• Planned reuse of capabilities

  • Planned disposition of capabilities

  • Planned acquisition of capabilities –  owned or rented depending on demand profiles and other competing capital projects

Execution is REALLY a Team Sport!

When executing a plan all functional team members have to coordinate their actions fluidly to keep a continuous flow of high-value projects running through the organization. Project teams that include project engineers, instrumentation engineers, data engineers, build technicians and test engineers with their teams all must coordinate impeccably focused on the strategic and ultimate intentions of the team for speed and competitiveness. That team must also coordinate impeccably with purchasing groups placing orders and suppliers shipping their product in time so that all is received on time avoiding any interruptions in flow. Every member of the team and suppliers have metrics aligning their activities to the goals of the team.

Dynamic Adjustment of Plans and Budget Line Items

With today’s pace of change, plans have to be constantly updated and monitored with a commitment to keeping throughput up and operating budgets on target. When you compare your plan to what actually happened it is likely to be pretty different. As Mike Tyson once said, “Everyone has a plan until they get punched in the mouth.” What matters is that the strategic intentions of speed and total cost are achieved. Some functions might be up, others down, but the larger team must achieve its goals.  What matters is the team wins and everyone contributes.

Key Scireo Capabilities Make Cross-Functional Constraints Visible

Cross Function Integration enables cross-functional teams to see emerging resource constraints, whether they be people or equipment ranging from fixed capabilities, e.g. wind tunnels, EMI chambers, engine test cells, or test benches, to portable and sharable capabilities e.g. meters, scopes, or analyzers.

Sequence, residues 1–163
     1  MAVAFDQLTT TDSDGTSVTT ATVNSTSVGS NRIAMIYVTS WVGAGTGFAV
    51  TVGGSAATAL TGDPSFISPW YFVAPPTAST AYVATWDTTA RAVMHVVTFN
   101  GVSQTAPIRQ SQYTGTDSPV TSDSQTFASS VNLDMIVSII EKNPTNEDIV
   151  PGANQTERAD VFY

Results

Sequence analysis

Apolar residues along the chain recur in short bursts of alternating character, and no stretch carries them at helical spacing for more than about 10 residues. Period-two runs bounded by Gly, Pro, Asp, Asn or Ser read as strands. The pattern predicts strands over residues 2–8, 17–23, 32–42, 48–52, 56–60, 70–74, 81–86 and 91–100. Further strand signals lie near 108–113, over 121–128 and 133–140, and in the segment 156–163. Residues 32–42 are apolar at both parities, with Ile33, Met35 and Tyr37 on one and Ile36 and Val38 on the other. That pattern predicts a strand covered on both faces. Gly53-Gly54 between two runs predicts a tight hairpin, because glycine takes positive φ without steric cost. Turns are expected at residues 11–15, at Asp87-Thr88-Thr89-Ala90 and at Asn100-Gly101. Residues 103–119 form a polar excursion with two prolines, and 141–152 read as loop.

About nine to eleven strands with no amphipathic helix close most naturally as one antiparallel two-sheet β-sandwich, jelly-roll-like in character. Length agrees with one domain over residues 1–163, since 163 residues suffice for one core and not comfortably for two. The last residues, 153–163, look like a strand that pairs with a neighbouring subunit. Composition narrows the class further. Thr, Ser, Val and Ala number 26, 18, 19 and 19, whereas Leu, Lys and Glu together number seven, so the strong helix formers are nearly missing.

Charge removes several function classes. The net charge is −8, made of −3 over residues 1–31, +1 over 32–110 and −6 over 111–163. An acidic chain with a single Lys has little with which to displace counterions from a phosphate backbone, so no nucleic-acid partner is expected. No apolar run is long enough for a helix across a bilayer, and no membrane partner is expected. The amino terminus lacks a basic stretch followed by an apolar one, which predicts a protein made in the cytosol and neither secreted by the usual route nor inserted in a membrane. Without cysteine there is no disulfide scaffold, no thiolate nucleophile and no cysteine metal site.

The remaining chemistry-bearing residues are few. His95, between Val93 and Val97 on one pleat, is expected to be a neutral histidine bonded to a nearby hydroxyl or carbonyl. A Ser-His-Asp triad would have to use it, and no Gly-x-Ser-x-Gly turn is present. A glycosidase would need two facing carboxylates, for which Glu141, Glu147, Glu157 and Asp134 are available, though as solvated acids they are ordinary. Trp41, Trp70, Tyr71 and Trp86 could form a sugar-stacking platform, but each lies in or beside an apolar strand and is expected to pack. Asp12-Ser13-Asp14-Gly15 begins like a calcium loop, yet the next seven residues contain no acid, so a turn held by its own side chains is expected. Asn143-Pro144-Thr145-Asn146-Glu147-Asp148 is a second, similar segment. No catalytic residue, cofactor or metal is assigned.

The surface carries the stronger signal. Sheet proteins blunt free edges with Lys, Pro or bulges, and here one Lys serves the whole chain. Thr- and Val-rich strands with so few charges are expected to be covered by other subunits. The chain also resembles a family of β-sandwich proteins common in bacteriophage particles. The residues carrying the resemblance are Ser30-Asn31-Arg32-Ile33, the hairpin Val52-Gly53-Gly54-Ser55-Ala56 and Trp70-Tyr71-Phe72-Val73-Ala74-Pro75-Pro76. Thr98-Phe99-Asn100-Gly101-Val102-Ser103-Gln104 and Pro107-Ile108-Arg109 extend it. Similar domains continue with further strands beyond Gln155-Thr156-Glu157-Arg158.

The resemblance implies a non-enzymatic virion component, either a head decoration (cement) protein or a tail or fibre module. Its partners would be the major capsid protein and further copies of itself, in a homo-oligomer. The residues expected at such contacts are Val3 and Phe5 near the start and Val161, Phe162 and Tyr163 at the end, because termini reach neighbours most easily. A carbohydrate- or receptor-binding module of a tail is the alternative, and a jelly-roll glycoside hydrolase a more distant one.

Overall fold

Embedded Contextual Knowledge of things like equipment capabilities or availability that reduce knowledge and resource constraints by enabling a quick assessment of contingencies in a fast-changing environment or enables more robust capital planning with knowledge of equipment obsolescence and health states.

Accountability Algorithms identify locations where policy or knowledge constraints produce perverse incentives (like hoarding) which leads to resource or knowledge constraints. Sente’s Accountability Practices and various tactical and strategic services are used to enable our Acceleration Algorithm.

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Notable Quotes

“The system Sente employs is very disciplined.  What’s great about it is that it was developed with input from all of us.  When I get a request that has come through their system, I have the sense that it’s complete and the equipment is really needed.  It’s great to see the progress we’ve made in the last year.”

Manager, Purchasing